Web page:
Should Considerations in Patient Dignity Affect Our Surgical Decisions?
The patient was a 32-year-old man. Two years ago, he had abdominal perineal resection and sigmoid colostomy for rectal cancer in another hospital, as well as physician-recommended adjuvant chemotherapy. One year after surgery, a prominent lesion appeared at the stoma. When he came to our hospital in April 2016, the tumor had already invaded most of the lower abdomen wall, which had an ulcerated and infected surface, and the colostomy bag could not be fitted properly. It was suspected that the patient had metastatic lesions in the lungs as well, but this could not be confirmed. The patient was otherwise in good physical condition and strongly requested surgery. The patient explained that the lesion had prevented him from contact with people, even his family, which made him feel that he had no dignity, and this caused him immense pain (Figure 1). However, based on principles of oncological surgery, extensive local resection is not beneficial to the patient if there are suspicions of distant metastases. It was the patient’s last words that helped me make my decision: “I can’t even hug my daughter. What’s the point of living? Doctor, only you can restore my dignity!” I had repeated communication with the patient and his family, clearly explaining to them the indications, complications, and risks of the surgery. There were also differing opinions in the discussions within our department. In the end, I decided to proceed with the surgery for the sake of his dignity. The surgery was a success, and the patient recovered well (Fig. 1). The patient returned home 2 weeks after surgery. He hugged his 4-year-old daughter, who had, until then, refused to be affectionate with him. However, liver metastases appeared 4 months after the surgery and he received additional treatment. This was the first time in the 30 years since I became a surgeon that I performed surgery for the dignity of the patient, even if it meant going against the current clinical guidelines.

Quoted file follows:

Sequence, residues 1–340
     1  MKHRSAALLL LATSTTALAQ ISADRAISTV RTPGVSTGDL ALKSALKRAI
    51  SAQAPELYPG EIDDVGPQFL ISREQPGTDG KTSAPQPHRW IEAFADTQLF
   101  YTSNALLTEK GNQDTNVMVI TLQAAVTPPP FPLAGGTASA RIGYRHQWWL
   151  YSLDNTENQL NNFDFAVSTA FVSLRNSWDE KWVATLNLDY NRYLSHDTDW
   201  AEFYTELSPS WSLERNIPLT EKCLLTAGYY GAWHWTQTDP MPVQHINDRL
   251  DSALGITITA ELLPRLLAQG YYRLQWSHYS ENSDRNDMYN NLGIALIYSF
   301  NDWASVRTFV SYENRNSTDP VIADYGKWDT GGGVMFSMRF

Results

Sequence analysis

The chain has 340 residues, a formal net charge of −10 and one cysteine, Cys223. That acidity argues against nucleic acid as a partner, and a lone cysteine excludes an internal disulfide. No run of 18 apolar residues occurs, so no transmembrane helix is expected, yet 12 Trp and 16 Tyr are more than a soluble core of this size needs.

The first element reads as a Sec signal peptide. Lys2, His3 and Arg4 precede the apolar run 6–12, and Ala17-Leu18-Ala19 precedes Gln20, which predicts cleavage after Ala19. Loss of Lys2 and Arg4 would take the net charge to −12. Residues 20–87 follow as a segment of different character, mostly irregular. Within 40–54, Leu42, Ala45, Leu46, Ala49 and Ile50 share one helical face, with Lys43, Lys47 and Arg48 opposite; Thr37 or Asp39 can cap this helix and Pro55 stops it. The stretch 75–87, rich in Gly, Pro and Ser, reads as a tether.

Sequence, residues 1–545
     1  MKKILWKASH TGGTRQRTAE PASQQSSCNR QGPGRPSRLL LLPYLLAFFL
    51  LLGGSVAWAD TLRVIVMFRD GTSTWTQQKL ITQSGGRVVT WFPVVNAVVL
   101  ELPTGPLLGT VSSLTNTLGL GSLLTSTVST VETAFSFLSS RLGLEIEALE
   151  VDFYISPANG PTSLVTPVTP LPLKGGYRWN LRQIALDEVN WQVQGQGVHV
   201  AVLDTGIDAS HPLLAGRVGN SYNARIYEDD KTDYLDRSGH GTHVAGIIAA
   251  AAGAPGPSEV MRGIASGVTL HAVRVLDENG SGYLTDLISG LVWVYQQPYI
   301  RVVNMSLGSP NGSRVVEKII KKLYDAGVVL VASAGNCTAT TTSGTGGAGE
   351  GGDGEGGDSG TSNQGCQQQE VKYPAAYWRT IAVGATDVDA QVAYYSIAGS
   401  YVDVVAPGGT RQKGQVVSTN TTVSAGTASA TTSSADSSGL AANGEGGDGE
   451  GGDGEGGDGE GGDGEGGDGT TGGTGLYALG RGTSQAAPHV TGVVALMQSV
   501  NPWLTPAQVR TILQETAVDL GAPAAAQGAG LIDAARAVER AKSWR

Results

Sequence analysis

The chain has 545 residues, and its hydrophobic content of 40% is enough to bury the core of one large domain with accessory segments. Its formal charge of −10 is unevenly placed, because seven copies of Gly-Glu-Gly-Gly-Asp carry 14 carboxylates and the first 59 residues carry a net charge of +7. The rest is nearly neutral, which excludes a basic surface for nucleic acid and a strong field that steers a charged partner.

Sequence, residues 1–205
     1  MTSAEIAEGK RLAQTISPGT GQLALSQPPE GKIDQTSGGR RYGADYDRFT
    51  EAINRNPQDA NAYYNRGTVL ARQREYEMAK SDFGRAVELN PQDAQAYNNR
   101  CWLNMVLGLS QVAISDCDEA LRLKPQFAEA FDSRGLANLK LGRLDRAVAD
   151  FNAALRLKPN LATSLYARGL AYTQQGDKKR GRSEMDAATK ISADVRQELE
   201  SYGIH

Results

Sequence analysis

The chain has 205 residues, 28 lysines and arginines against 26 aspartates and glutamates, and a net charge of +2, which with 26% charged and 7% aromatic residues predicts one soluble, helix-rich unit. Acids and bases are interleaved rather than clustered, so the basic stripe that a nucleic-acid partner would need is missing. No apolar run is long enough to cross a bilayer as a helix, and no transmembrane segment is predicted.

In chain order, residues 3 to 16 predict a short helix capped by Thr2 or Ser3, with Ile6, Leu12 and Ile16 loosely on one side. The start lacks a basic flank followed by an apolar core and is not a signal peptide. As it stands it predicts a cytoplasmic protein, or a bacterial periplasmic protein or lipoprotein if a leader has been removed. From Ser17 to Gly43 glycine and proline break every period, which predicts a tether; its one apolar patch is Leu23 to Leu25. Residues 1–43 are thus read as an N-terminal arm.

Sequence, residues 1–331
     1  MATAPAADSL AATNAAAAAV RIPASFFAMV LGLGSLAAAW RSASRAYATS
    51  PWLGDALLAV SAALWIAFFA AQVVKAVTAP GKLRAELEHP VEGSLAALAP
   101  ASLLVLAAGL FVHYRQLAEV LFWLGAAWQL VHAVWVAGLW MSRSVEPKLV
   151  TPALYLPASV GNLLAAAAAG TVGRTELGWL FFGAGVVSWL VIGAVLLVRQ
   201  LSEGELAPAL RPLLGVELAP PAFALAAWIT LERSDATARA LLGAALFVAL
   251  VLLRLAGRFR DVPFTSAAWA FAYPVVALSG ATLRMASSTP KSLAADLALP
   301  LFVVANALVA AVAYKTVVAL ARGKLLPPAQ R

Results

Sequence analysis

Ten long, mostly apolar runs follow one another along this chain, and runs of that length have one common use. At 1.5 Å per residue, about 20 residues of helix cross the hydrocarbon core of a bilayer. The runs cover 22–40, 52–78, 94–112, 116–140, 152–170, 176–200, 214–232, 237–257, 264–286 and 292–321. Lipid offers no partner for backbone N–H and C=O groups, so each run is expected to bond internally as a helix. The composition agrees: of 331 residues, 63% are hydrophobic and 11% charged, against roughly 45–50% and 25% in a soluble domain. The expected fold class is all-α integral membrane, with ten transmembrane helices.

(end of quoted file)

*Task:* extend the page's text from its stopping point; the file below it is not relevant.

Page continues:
Cancers at stoma sites are rare, and only 20 cases have been reported in the literature to date. Even among these 20 reports, most are only case reports.2,3 Primarily, from the perspective of surgical technology, there is no problem with tumor resection in this case. It is also possible to complete reconstructive surgery. Our surgery would have a huge physical impact on the patient, not to mention the suspected distant metastases. Given these reasons, should this surgery be performed. This is a new issue that surgeons may encounter: It is incontrovertible for a surgeon to base the decision of surgery on the surgical principles and clinical guidelines. However, what should the surgeon do when faced with nonbiomedical factors, involving medical ethics, patient dignity, and social factors?
First, from an ethical and humanistic perspective, the patient in this case felt, through his relationship with his family and especially his daughter, that the disease debased his dignity as a human being. In particular, it was difficult for him to fulfill his role as a father, because he was unable to express his love for his daughter. A hug from a daughter was a very precious thing for this father at the current stage in his life.